Some things are universal.  A mother’s love is perhaps the most touching.  It crosses every boundary and certainly isn’t restricted to humans.  I was reminded of this truism last year in Africa.

We were out photographing on the Masai Mora…which is the part of the Serengeti that crosses into Kenya.  It is a vast grassland that stretches to the horizon.

2077

Our guide, Julius, got a call from another Land Rover that had spotted a lioness creeping into a thicket.  It seemed worth a look but after creeping up a rocky hill, all we could see was this:

The Good Mother: A Lioness and her Cub Photo story

Just a tall jumble of branches…frankly, even if there was a lion in there I didn’t see how we would get a photo worth having.  But Julius knew better, so we parked about 50′ away and waited…  Before long, we sensed something moving in the thicket…then we heard a pathetic, wimpy ‘mewing.’    And sure enough, this little guy crept out of the wood pile. The Good Mother: A Lioness and her Cub Photo storySmaller than a loaf of bread and probably only a couple weeks old.  Barely had its eyes open and could hardly see at all…kept bumping into rocks and stumbling over his own feet.  But he was determined and over the next five minutes he managed to stumble quite a distance from the lair.  Which wasn’t good…there are all types of predators who would enjoy such a nice little morsel…I couldn’t tell you how many kinds of raptors I had seen… 5

…and any of them would have been delighted by this mobile ‘brunch.’  As the minutes stretched out, we started actively searching the skies to see if something would spot our little cub…and he got further and further from home.

 

The Good Mother: A Lioness and her Cub Photo story by Jeff Stamer at Firefall Photography

Then…we saw Mama…

The Good Mother: A Lioness and her Cub Photo story by Jeff Stamer at Firefall Photography

And she certainly saw us!The Good Mother: A Lioness and her Cub Photo story by Jeff Stamer at Firefall Photography

She barked a throaty snarl and gave us a no-nonsense…”Stay the hell away from my cub!” look that affected me deep in the pit of my stomach.  This wasn’t one of those fake “take a shot of the lion when it yawns…it looks just like a roar.”  This was the real thing…and you could see it in her eyes!  After making sure we weren’t a threat, she headed right to her errant cub.

The Good Mother: A Lioness and her Cub Photo story by Jeff Stamer at Firefall Photography2016 Kenya 11 14 14375

Then, this fierce hunter morphed into the most gentle soul you can imagine…

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Maybe she was a new mother, but she seemed very apprehensive about picking up her cub…

The Good Mother: A Lioness and her Cub Photo story by Jeff Stamer at Firefall Photography

She tried over and over again.  Finally, she seemed to give up and gave him a bath instead..

The Good Mother: A Lioness and her Cub Photo story by Jeff Stamer at Firefall Photography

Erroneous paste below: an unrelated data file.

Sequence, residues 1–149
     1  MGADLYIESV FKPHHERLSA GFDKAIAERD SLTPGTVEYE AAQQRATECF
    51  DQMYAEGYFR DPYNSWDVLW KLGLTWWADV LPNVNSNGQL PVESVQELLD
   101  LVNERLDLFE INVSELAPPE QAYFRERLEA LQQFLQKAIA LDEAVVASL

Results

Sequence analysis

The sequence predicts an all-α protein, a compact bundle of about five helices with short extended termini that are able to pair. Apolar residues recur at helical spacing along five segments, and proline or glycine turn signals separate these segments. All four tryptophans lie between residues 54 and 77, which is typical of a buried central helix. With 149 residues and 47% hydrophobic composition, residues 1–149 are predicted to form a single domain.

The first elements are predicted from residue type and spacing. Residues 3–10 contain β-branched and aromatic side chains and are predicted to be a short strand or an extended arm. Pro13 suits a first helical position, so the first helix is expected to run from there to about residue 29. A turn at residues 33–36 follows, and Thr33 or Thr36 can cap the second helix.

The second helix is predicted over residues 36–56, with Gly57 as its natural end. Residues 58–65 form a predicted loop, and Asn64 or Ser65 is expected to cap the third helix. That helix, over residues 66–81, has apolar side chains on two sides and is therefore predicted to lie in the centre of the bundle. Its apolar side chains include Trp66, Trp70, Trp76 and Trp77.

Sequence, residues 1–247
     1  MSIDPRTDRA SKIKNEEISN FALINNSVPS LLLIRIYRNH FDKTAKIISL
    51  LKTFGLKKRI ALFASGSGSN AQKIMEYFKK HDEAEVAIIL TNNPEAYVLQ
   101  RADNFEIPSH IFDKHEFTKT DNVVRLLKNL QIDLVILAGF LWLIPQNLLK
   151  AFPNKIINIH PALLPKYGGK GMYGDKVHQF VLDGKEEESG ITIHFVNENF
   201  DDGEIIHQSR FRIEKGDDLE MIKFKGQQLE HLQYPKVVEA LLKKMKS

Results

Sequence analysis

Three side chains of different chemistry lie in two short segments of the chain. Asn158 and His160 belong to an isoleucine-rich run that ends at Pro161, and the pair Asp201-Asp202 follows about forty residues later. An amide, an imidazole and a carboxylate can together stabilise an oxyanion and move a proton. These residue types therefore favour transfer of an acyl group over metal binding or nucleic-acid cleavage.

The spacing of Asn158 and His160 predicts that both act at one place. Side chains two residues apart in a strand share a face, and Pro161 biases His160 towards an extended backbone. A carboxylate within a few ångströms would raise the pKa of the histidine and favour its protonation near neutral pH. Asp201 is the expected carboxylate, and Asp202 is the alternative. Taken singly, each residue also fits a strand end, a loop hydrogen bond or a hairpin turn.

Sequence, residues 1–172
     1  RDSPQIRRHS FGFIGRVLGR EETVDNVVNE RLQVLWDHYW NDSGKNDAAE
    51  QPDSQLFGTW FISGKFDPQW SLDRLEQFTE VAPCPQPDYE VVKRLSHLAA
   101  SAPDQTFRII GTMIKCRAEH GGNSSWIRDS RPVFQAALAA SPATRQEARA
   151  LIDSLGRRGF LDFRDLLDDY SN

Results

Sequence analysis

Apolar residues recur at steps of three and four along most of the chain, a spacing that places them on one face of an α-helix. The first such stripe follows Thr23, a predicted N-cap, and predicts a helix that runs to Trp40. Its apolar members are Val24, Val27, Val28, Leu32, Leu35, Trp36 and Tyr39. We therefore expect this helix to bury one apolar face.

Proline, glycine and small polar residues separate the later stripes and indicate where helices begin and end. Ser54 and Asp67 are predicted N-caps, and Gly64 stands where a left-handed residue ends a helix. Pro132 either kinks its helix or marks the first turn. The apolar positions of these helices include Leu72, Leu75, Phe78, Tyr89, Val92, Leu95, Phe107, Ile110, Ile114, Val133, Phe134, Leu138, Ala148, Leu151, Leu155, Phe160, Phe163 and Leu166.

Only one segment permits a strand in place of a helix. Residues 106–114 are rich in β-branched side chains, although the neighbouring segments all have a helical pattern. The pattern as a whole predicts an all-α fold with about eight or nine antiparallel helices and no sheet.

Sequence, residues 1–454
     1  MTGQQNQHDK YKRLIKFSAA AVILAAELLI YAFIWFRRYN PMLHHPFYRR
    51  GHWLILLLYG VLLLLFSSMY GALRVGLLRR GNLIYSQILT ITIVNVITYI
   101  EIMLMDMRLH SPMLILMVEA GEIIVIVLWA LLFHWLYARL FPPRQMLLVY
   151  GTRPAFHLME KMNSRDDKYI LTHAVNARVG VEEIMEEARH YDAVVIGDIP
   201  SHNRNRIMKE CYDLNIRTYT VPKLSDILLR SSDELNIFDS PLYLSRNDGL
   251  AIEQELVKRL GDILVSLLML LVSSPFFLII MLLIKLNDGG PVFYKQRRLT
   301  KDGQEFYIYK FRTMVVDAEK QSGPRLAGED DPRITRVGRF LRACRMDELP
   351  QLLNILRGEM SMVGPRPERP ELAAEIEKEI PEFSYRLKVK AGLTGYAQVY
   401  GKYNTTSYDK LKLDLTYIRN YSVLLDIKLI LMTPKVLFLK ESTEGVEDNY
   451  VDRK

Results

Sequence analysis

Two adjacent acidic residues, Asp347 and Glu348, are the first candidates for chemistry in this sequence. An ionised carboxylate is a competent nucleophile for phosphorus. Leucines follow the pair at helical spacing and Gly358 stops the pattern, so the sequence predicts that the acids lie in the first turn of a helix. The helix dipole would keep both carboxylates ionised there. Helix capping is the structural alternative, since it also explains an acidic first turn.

Of course, the cub didn’t make it easy for her…it kept wiggling and scooting away.

The Good Mother: A Lioness and her Cub Photo story by Jeff Stamer at Firefall Photography

But finally he settled down and she got a good grip…firm, but not too firm…

The Good Mother: A Lioness and her Cub Photo story by Jeff Stamer at Firefall Photography

She headed back to the thicket…

2016 Kenya 11 14 14661The Good Mother: A Lioness and her Cub Photo story by Jeff Stamer at Firefall Photography

But she sure kept an eye on us the whole time…The Good Mother: A Lioness and her Cub Photo story by Jeff Stamer at Firefall Photography

…and then she silently slipped back into the bramble.

The Good Mother: A Lioness and her Cub Photo story

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It’s funny, if we had been even a few hundred yards away, we would have probably never known this little drama had even taken place.  The savannah might be vast, but it certainly isn’t empty and it has stories to tell…2077

Cheers!
Jeff

 

 

The Good Mother:  A Lioness and her Cub   Photo story by Jeff Stamer at Firefall Photography

 

Posted in Africa, Wildlife Tagged , , , |

Hunter or Hunted? A tale of the Hippo and the Lion Pride

Every day during my two weeks in Kenya, we would go out into the bush and I would be treated to some wild new wonder. Yes, I had never been to Kenya…so of course it all was new.  But some of the experiences so bizarre they even amazed our guides who were native Kenyans!  Maybe the best example of this was the adventure with the Hippo and the Lions.

One morning, we headed out before sunrise to a spot by the river where we had seen a lion pride the night before.  The lions were still there all right…eight or nine females and their young just lounging around soaking up some sun.

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This beautiful lioness relaxed in this sunlit spot on the riverbank posing for us for over ten minutes.

We moved the Land Rover to a great spot on the opposite bank and started snapping shots.  We had been photographing for quite a while when I noticed a hippo surface in one of the deep pools in the river just below us…2016 Kenya 11 12 07736

He (she?) casually climbed out and struggled up the embankment…

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That really got the attention of our lioness.  She got up and started trotting toward the hippo.  She maneuvered into its blind spot…